Pulling offensive linemen in youth football is always a difficult task. Many times players are on the offensive line because they are not able to move well. This means in order for them to be effective pulling they must move efficiently and understand angles. Once they understand these angles they must know how they can use them to complete their assignment.
Technique: Pulling Offensive Linemen in Youth Football
While most offensive linemen are not fast they can maximize their game speed by being efficient in their movements and not having any wasted steps. This starts with the first step of the pulling linemen. While it is critical that the lineman does not false step, when he is pulling his first step must move him closer towards his goal. This initial step serves two purposes. First it opens his hips and shoulders to the direction where he is going. Beyond taking the correct step he needs to throw his pulling side elbow back. By throwing the elbow back he will get his body facing his target. Once he has his hips and shoulders on track he can start to gain the speed and power he needs to deliver an effective block. The second purpose of the step is to gain ground. If the first step only opens his hips and he does not gain any ground he has put himself at a disadvantage to get the defender. Instead this initial step must be outside of his cylinder. If he does not gain ground on this initial step he the defender will have a full step advantage over him.
In general there are two different types of pulls for linemen. The first is a kickout block where the linemen will be blocking a defender who is on the line out so that the ball carrier can run the ball inside of him. The other type of pull is when a linemen serves as a lead blocker for the ball carrier. He could be leading the ball carrier to the inside (like the Power play) or on the edge (like a Sweep or Pin and Pull play). The path, aiming point and mentality of the linemen varies based on his assignment.
Kick-out Block Pull
When the linemen is pulling for a kick out block he has one absolute rule, do not get beat inside. The one thing the puller can not allow to happen is for the defender to get inside of him, this objective drives everything about the block. Because he can’t let the defender inside of him, he will take a checkmark path to his assignment. This means that after he makes his clearance step, he should be heading down hill on a path so that he makes contact with the defender on the defensive side of the ball. This allows him to dig out any defender that might be making a stunt down the line. If he finds that he is in too tight he will be able to adjust so that he can get enough of the defender to free the ball carrier. If he makes the mistake of not getting down the line and tries to adjust to the inside he will normally get beat by the defender. This is why it’s so critical that the lineman gets across the line.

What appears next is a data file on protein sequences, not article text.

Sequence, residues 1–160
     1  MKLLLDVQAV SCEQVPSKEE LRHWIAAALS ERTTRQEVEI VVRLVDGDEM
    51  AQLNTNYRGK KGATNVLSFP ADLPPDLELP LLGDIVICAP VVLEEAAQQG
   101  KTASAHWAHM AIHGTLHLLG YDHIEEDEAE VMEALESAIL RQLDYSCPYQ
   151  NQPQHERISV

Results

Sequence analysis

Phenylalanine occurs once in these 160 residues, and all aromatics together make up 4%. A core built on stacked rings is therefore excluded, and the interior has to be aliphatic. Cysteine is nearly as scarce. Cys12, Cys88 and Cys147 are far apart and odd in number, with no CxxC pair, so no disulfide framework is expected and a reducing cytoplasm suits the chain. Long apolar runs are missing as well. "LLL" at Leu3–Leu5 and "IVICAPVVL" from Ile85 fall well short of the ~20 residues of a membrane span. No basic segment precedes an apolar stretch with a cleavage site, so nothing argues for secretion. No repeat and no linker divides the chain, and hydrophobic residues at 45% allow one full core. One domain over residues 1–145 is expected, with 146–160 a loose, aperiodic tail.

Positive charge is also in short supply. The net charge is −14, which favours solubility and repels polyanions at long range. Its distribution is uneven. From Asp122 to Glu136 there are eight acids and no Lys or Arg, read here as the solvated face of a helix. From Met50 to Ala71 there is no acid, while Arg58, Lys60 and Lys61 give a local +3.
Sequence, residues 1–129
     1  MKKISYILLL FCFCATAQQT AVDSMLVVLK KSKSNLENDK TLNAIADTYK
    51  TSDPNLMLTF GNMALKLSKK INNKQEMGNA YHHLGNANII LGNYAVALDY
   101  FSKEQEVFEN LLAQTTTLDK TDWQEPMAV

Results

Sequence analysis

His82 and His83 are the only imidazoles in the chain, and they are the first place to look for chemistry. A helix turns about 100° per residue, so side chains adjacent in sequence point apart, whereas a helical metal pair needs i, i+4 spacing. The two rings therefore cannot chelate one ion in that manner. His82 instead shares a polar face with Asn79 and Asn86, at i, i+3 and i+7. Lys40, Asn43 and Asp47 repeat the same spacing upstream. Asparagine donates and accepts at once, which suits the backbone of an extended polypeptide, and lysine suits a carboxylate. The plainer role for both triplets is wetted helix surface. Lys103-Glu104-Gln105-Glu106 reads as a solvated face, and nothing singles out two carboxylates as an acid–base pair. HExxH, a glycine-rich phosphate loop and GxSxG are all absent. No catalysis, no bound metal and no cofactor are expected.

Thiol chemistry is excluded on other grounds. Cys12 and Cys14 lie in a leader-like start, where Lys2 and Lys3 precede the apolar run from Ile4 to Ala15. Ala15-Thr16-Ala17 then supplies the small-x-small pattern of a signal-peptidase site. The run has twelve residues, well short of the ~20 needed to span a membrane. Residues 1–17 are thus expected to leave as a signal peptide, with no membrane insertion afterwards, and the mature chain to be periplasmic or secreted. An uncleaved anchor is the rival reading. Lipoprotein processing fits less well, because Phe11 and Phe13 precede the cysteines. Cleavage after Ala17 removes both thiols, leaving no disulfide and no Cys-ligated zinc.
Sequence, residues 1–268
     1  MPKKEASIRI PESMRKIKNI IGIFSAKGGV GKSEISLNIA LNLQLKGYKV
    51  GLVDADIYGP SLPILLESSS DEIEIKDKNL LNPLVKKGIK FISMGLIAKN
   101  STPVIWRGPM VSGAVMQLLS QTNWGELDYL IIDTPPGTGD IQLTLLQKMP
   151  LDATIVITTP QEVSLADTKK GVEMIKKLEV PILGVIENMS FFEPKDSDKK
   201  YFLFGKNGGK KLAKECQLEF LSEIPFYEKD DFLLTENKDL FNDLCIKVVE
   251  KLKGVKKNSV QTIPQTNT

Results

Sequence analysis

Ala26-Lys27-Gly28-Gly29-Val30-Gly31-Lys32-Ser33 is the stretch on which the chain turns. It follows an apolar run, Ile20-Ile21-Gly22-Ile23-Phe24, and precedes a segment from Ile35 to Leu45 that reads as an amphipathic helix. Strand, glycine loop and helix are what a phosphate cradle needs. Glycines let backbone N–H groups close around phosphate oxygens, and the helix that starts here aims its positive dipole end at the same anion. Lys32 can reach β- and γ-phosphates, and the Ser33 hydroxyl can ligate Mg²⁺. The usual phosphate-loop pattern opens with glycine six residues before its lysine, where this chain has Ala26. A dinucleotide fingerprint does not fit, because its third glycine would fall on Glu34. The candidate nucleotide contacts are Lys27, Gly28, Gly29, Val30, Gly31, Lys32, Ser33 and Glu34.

As he goes to make contact he must keep in mind that his primary objective is to not get beat inside. Many times these can be huge blocks where the linemen makes great contact on a defensive linemen but the thing he can’t do is whiff. I tell the linemen that I will never get mad at him for making solid contact and running his feet. We all love the big hit but it’s important to stress not to go chasing the big hit and whiff.
Inside Pulling- Lead Blocking
The other type of pulling block is the lead block. These blocks are slightly more complex and have more variables that the lineman must think about. The thinking of the blocker depends on where the ball carrier is running. There is a different thought process to outside pulling plays than inside pulling plays.
On an inside pulling play the pulling linemen wants to have a downhill aggressive approach to blocking. The most popular scheme that features an inside pulling lineman is the Power play. On the Power play the backside Guard will be pulling around for the playside linebacker. On this play the lineman wants to hug tight to the wall that is being formed by the front side Tackle Guard and Center blocking down. As he comes around the corner he wants to maintain contact with this wall so that he can maintain inside leverage on the playside linebacker. As he comes down the wall he wants to see the playside linebacker and go directly through his inside shoulder so he place himself between the linebacker and the wall. The running back is taught to keep his track tight to the wall and ride that wall to the daylight the emerges as the pulling guard turns the playside linebacker out.
An outside pull is a completely different thought process for the lineman. When he is pulling as a leader blocker inside he being aggressive and creating a space for the running back. When he is pulling to the outside he is now in the Running Back’s world with players who are much better in space. Because of this, his job is to force the defender to pick a side and then rely on the Running Back to make him right. Many times you will see a linemen come around the edge and run full speed at a smaller player and inevitably whiff. Many defensive coaches call this “Semis on Ice.” In these situations because the linemen is moving so fast he can not change directions so it takes only a simple move from a DB to get around the block and make the tackle. The lineman is much better off to slow down and pick a shoulder of the defender to run through. If the defender wants to avoid the block he has to go around the blocker which gives the Running Back a clear path. Many linemen do not like pulling because it puts them in situations that they are not comfortable in. The way to improve lineman’s ability to pull is by giving them simple rules and allowing them to rep it until they are comfortable.
(See Also) Run and Pass Blocking Technique
(See Also) Skip Pulling Technique